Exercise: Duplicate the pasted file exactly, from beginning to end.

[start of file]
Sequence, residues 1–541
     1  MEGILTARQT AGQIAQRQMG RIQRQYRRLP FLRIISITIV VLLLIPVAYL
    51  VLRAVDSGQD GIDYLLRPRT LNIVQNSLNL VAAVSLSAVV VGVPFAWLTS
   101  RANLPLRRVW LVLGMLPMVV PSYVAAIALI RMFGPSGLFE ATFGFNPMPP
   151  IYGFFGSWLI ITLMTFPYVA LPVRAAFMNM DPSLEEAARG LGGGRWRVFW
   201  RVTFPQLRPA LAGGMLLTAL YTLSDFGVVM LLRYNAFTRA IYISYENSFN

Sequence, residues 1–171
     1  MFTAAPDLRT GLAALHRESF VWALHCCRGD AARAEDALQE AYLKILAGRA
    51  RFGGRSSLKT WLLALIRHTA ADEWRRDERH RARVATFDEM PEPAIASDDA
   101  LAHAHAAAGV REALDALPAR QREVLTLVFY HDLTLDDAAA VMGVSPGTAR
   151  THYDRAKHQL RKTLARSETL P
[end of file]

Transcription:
Sequence, residues 1–541
     1  MEGILTARQT AGQIAQRQMG RIQRQYRRLP FLRIISITIV VLLLIPVAYL
    51  VLRAVDSGQD GIDYLLRPRT LNIVQNSLNL VAAVSLSAVV VGVPFAWLTS
   101  RANLPLRRVW LVLGMLPMVV PSYVAAIALI RMFGPSGLFE ATFGFNPMPP
   151  IYGFFGSWLI ITLMTFPYVA LPVRAAFMNM DPSLEEAARG LGGGRWRVFW
   201  RVTFPQLRPA LAGGMLLTAL YTLSDFGVVM LLRYNAFTRA IYISYENSFN

Sequence, residues 1–171
     1  MFTAAPDLRT GLAALHRESF VWALHCCRGD AARAEDALQE AYLKILAGRA
    51  RFGGRSSLKT WLLALIRHTA ADEWRRDERH RARVATFDEM PEPAIASDDA
   101  LAHAHAAAGV REALDALPAR QREVLTLVFY HDLTLDDAAA VMGVSPGTAR
   151  THYDRAKHQL RKTLARSETL P